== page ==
I’m not sure I would want to be remembered as "that old lady that got attacked by a rabid beaver." We’ve all done things in the outdoors that looking back on, we might think we’re glad it turned out all right. Like the time I hunted for a television show (not Realtree) and agreed to sit under a big tree by a rushing creek while a thunder and lightning storm passed over. I could just hear my kids saying, “Yeah, my mom … she was hit by lightning because she sat under a tree in a storm holding a long metal rod (aka, shotgun barrel).”
But Lillian Peterson, of suburban Washington D.C., now is branded as “the old lady that got bit by a beaver.” She sounds like she really doesn’t deserve this description. She is 83 and she still swims in a lake for exercise and works as a real estate agent.
According to an article in The Washington Post, Peterson had just about finished her swim and was near the shore, when a rabid beaver swam toward her and took a bite out of her calf. A friend and co-worker, Mike Korin, was on the lake giving a fishing lesson. He heard her screams and started out after her. The beaver then came at him in his boat. He beat it back with a paddle. He thought he’d killed it, and then, just like a scene from “Fatal Attraction,” the beaver flipped over and let’s just say, it was not a happy camper. One of the paramedics now on the scene grabbed another canoe paddle and beat the animal again, and then they trapped it with a net and animal control officers euthanized it. Oh, for one little .22 round, right?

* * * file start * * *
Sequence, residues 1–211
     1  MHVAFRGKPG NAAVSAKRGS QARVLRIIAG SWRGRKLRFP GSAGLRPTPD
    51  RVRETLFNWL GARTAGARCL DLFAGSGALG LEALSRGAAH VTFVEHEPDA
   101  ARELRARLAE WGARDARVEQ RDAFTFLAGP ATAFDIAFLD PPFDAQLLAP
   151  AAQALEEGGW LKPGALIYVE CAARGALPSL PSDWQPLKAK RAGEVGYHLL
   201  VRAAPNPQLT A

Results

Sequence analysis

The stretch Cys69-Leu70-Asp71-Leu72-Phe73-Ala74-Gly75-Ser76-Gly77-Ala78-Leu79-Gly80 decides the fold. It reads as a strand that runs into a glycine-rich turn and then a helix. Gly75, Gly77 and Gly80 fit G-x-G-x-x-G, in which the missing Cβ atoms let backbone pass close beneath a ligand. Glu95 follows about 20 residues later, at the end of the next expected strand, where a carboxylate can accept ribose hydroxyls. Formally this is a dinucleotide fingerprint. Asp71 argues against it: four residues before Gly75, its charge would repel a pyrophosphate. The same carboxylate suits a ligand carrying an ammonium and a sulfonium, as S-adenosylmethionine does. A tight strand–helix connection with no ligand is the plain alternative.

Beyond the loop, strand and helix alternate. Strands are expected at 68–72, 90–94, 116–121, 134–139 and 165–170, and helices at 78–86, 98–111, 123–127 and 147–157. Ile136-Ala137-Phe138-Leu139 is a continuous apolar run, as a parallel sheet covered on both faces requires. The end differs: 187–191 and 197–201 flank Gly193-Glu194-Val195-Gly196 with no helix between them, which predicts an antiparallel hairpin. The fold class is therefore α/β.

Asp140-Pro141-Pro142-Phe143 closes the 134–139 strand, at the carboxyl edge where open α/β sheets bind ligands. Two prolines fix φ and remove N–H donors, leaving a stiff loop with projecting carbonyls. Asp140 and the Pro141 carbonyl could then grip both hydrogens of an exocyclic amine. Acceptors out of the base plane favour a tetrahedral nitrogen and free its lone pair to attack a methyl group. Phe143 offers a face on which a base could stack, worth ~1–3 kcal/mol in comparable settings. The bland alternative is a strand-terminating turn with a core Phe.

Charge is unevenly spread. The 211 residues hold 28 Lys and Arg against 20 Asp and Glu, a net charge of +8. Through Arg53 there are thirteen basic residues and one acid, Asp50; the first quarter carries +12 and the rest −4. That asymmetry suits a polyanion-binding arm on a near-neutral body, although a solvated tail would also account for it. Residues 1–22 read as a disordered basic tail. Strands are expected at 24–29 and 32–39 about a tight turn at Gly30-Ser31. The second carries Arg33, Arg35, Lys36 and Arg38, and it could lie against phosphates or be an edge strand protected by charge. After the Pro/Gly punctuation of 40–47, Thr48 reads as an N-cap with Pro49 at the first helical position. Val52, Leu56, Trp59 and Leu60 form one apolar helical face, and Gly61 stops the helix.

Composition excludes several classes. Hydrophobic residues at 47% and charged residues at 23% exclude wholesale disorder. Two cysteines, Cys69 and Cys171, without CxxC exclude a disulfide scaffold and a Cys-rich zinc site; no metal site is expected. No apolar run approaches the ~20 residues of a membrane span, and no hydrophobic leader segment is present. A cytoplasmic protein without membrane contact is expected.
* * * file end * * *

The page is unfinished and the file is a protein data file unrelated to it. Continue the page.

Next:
For now, the home owners’ association near the lake has advised its homeowners not to swim in the lake.
Realtree writer Stephanie Mallory wrote a fine blogpost about rabies on the rise. It’s definitely something we hunters need to be uber aware of when we’re outdoors. And also, just a bit of trivia here, beavers are North America's "largest rodents."
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Brian Lovett, Realtree's news blogger, has been an outdoors reporter, writer, magazine editor and book author for 27 years. Spring turkey hunting and autumn waterfowling take up most of his outside time, but he also enjoys fishing, deer hunting and upland-bird hunting. Lovett lives in Oshkosh, Wis., with his wife, Jenny, and their retriever.